Bubbly, pretty and oh-so-humble: seemingly faster than any of her infectious hits have climbed to the top of the Billboard charts, Taylor Swift has secured a place atop the shortening list of America’s sweethearts. After watching the music video for “Our Song” or entertaining the ever-catchy promise of “We Are Never Getting Back Together,” it’s easy to understand both how and why Swift has secured a loyal following. Her songs are a re-telling of popular Ovidian myth, except — filtered through Seneca Falls and the ERA — what was once “Apollo and Daphne” is now “Daphne Tells All.”
Still, the vast majority of Swift’s fans (“Swifties”) are not wannabe Romeos but teenage girls. It is they, after all, who take to her diary-style lyricism like ducks to water. For them, listening is fantasy play: in “Forever & Always,” Joe Jonas carbon-copies their ears to that infamous 27-second phone call; in “Dear John,” John Mayer is, to them, being … John Mayer; and in “I Knew You Were Trouble,” Harry Styles causes them the so-called shame of being proven right. Hidden in each song is an invitation to pull up a seat at the glorified popular table of high school myth alongside a modern-day Venus and the Gods of Olympus-Hollywood.
Because other idols (“townies”) are more likely to promote chugging cheap beer in Pick ‘n Save parking lots, Moms and Pops across the heartland can’t help but be pleased by their daughters’ choice of exemplar. Although tabloid reporters have been harsh in their coverage of her personal life, most readers recognize how their accounts are more myths than realities and how, in other words, their “castles in the sky” are built high above the foundation of one well-known fact: Swift writes songs nearly exclusively about her own love life.
Recently, Swift addressed the burden of her mythic public image by saying to Vanity Fair, “For a female to write about her feelings and then be portrayed as some […] desperate girlfriend […] [takes] something that potentially should be celebrated — a woman writing about her feelings in a confessional way — [...] [and] twisting it into something that is frankly a little sexist.” The argument is nothing new. When Kathie Lee Gifford ruled on Swift’s use of her own experiences as basis for her art on TODAY, she casually said, “Well, Jane Austen did the same.”
But did she? Not really. Not even a little bit, really.
The connection, though, is telling. If the myth of Taylor Swift has gotten out of hand, then the myth of Jane Austen has reached near-criminal proportions. Forget the fact that she was one of her time’s most unforgiving, self-confident social critics. To consider Austen today is to imagine a sweet old maid who, after having found forbidden love in her youth, settled into a quiet life of secretive novel writing. This image is woefully mismatched with the playful malice that Austen evidences in private letters. Not even miscarriages were off limits there: “Mrs. Hall […] was brought to bed yesterday of a dead child, […] owing to a fright. I suppose she happened unawares to look at her husband.”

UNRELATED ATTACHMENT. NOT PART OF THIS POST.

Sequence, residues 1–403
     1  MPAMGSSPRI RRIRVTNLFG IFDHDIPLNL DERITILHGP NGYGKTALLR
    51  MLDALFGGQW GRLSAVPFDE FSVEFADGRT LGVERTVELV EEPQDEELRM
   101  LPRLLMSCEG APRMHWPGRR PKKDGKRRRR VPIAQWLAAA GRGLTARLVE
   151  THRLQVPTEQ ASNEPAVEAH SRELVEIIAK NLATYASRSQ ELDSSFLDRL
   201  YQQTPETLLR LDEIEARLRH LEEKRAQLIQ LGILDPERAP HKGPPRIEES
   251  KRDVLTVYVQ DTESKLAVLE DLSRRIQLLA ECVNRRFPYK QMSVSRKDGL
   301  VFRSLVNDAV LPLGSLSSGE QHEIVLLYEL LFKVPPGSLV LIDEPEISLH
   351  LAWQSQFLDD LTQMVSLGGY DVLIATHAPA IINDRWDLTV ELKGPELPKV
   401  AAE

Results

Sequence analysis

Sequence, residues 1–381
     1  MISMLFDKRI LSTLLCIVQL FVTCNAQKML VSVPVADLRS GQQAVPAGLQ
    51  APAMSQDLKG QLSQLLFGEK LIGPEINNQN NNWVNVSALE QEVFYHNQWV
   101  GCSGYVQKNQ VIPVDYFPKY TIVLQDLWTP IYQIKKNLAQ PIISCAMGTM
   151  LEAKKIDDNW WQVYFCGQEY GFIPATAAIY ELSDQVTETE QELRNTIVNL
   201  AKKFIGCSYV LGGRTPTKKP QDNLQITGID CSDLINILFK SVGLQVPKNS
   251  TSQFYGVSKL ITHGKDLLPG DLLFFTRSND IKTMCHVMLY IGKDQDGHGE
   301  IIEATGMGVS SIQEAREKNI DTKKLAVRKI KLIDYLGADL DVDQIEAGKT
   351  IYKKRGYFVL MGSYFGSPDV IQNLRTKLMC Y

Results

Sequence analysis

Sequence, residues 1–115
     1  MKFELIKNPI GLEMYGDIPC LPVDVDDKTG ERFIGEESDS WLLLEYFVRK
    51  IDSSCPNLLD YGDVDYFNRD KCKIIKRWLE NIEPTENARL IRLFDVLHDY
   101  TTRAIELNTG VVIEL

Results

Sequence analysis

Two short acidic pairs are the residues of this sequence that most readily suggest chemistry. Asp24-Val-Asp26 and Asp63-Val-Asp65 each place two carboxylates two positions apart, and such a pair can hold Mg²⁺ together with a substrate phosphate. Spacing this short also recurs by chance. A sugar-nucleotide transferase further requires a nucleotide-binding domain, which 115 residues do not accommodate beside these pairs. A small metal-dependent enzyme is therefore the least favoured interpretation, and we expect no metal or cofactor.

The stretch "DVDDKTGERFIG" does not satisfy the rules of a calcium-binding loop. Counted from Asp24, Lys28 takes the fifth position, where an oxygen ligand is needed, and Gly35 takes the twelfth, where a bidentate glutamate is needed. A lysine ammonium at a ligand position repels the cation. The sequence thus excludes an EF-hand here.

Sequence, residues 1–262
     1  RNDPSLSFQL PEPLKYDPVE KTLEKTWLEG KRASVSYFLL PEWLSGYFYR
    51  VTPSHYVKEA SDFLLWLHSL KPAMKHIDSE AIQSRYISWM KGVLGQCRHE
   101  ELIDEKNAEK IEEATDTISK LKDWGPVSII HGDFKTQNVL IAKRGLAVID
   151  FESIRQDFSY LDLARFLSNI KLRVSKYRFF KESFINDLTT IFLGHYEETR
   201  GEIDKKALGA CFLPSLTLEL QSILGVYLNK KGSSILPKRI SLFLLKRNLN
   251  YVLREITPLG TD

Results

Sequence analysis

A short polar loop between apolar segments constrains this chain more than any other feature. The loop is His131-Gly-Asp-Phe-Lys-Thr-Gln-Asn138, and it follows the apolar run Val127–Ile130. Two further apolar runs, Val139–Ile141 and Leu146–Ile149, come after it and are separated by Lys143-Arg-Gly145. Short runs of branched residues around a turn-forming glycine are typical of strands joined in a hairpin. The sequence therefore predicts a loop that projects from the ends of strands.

In the modern age, Austen’s grave has been upturned so that she might become a brand of demure femininity and romanticized historicity. This development was fully realized when an independent studio released Becoming Jane, a biopic about Austen’s romance with Tom LeFroy, a barrister. The picture (marketed under the tagline, “Her Own Life Was Her Greatest Inspiration”) implies that Austen’s “happy” romance novels were intended to “settle the score” for her real-life romance, which ended sadly.
Their presumption is false. Austen’s novels are not meant to “make up for” reality, but to critique an existing social order from the vantage point of a single white female (even that movie comparison is more accurate than the Bonnet-and-Curls on covers). It is an insult to assume that “old maid” writers like Austen were limited to their already “limited” experiences — that masterpieces such as “Pride and Prejudice” could not have been creations of imagination, but must have been dependent on actual experiences in reality — a reality, moreover, that was created largely by men.
Imagination is limitless, and it exists outside experience. Experience is a mere springboard for imagination: a place from which to jump — to be propelled into higher spheres of creative space. To stand solely on the base of experience is to create in limited space. Brontë said it best when she wrote, “You advise me [...] not to stray far from the ground of experience, as I become weak when I enter the region of fiction; and you say, ‘real experience is perennially interesting, and to all men.’ [...] [But] is not the real experience of each individual very limited? And, if a writer dwells upon that solely or principally, is he not in danger of repeating himself, and also of becoming an egotist?”
Brontë’s questions should be forwarded to Swift for her consideration. Although her songs seem to be “perennially interesting,” they are frankly a little limited in creative space. Because each is based nearly exclusively on experience, each is made atop that metaphorical springboard without much movement. If Swift is indeed a distinct musical talent (as your teenage sister/niece/etc. contends), she should heed the following advice: stop standing, start jumping. Don’t be party to existing myths; imagine ones beyond yourself.